M A I N   N E W S

Text of N-liability Bill cleared
Anita Katyal 
Our Political Correspondent

New Delhi, November 19
The Cabinet today cleared the text of the Civil Nuclear Liability Bill, listed for introduction in the Winter Session of Parliament that commenced today. The passage of the Bill is important for India to move forward on the implementation of the Indo-US civil nuclear agreement that fructified last year after a long and protracted political debate, bringing the last UPA government to the verge of a collapse.

Although US President Barrack Obama has reiterated his administrationís commitment to this agreement, there are worries in India that the present dispensation may try to dilute the text of the agreement given its strong concern for non-proliferation. It has already persuaded the G-8 countries from banning enrichment and reprocessing technology to countries that are not signatories to the Nuclear Non-Proliferation Treaty (NPT).

Given this background, New Delhi does not want to give any further handle to the Obama administration to stall the implementation of the nuclear agreement. It also hopes that private companies wanting to do business in India will exert requisite pressure on the US government once India signaled its intent to go through with the promised legislative changes necessary for the operationalisation of the deal. The passage of the Nuclear Liability Bill will allow India to join the international convention on civil liability for nuclear damage.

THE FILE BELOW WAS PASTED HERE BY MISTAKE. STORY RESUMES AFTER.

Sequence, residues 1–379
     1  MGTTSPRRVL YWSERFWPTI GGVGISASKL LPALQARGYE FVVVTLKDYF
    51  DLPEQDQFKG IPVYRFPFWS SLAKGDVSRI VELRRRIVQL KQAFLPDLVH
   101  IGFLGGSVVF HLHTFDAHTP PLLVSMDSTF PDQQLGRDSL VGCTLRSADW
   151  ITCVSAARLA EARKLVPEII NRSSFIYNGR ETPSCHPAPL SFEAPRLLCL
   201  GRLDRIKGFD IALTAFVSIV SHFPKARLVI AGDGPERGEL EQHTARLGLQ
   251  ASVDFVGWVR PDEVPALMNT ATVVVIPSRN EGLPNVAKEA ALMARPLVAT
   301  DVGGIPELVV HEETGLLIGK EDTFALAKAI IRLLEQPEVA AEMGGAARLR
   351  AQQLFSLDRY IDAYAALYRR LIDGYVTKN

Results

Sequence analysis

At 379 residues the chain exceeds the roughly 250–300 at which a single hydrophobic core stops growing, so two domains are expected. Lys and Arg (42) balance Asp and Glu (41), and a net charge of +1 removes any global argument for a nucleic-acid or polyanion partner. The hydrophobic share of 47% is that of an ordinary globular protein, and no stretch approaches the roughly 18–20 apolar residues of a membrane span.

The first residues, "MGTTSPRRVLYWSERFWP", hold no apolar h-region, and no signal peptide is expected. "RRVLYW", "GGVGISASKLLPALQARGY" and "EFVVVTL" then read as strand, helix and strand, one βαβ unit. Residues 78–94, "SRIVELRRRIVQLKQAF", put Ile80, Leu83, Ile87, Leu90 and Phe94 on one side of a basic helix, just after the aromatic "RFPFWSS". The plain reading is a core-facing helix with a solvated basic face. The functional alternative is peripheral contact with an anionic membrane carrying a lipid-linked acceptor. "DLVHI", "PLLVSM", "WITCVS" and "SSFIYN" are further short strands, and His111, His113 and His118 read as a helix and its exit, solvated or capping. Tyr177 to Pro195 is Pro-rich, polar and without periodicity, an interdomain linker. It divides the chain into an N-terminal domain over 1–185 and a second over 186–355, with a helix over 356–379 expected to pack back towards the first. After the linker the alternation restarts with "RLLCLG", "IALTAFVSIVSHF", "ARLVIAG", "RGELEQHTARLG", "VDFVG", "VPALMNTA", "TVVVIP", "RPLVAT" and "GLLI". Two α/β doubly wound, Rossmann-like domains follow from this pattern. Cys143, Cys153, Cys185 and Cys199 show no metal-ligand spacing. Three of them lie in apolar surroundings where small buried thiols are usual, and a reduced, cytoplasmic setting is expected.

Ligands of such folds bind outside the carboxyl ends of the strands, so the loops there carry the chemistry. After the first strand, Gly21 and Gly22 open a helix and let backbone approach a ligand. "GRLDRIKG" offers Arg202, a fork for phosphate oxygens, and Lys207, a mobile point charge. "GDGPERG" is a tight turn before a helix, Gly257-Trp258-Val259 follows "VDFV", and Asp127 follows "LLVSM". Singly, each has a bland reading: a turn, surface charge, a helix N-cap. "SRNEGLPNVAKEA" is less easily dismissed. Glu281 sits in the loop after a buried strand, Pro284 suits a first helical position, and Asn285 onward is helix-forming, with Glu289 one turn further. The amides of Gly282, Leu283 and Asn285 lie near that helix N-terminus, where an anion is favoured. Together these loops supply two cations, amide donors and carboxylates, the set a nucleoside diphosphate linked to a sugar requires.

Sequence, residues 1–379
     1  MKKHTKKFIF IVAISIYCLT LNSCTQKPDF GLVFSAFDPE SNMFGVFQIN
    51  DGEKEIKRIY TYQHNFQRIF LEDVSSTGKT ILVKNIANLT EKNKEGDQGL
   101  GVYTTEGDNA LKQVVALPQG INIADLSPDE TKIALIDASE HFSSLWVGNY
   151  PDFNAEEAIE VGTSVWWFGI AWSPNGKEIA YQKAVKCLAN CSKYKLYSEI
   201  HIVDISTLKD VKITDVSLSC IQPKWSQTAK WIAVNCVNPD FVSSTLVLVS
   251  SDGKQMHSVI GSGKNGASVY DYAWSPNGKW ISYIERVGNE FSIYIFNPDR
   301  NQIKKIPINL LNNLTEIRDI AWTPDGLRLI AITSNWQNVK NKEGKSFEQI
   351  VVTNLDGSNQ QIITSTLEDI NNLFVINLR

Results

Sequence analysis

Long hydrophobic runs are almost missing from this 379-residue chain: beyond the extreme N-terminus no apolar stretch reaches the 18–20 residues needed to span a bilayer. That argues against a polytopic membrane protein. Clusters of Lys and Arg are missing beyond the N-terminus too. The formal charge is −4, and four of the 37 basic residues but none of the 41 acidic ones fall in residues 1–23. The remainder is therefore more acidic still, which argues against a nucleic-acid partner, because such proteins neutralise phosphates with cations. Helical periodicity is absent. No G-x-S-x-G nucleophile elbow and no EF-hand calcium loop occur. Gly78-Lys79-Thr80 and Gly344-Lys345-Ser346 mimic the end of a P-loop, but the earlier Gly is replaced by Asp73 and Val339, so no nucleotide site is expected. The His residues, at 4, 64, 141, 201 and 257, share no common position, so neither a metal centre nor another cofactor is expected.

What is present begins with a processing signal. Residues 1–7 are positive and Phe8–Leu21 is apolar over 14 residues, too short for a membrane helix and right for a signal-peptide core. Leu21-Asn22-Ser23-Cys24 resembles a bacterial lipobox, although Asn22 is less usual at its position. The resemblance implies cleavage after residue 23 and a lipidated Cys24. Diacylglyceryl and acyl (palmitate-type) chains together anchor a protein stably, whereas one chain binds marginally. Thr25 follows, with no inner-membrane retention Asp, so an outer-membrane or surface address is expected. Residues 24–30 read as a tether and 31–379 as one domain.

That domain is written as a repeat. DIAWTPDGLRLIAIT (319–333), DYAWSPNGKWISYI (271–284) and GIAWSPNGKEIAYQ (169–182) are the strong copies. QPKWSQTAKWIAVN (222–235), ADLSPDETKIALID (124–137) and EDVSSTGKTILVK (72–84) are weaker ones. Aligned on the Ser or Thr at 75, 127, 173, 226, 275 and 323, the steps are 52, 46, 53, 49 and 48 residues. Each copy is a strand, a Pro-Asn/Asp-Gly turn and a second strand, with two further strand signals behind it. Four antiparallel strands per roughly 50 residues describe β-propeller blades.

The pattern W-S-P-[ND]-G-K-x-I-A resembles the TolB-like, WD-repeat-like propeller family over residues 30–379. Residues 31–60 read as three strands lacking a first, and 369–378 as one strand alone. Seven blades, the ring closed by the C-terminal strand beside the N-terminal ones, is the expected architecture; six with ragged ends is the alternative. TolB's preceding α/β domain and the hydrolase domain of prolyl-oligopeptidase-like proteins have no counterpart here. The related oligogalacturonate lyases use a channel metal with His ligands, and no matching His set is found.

Besides placing a cap on the compensation to be paid in case of an accident at a nuclear site, the proposed legislation also puts the responsibility for paying this compensation on the operator and not the suppliers or foreign companies installing the reactors in India. It also provides for regular monitoring at the nuclear facilities to avoid any disasters.

After the 45-member Nuclear Suppliers Groupís exemption, which lifted three decades of nuclear trade curbs on India, New Delhi has signed a number of nuclear power agreements with Russia, France, Kazahkastan and the US. However, private companies who want to do business with India have been impeded in their efforts because of the absence of a liability law. Foreign companies wanting to supply nuclear reactors and other equipment have been pressing New Delhi for the speedy passage of this crucial Bill. Although the UPA government has moved ahead on the Nuclear Liability Bill, the changes to the Atomic Energy Act, which are also critical for the implementation of Indo-US nuclear deal, are still in the pipeline. These amendments will allow private investment in nuclear power generation but the government is a little wary on opening the doors to private players in this critical area.



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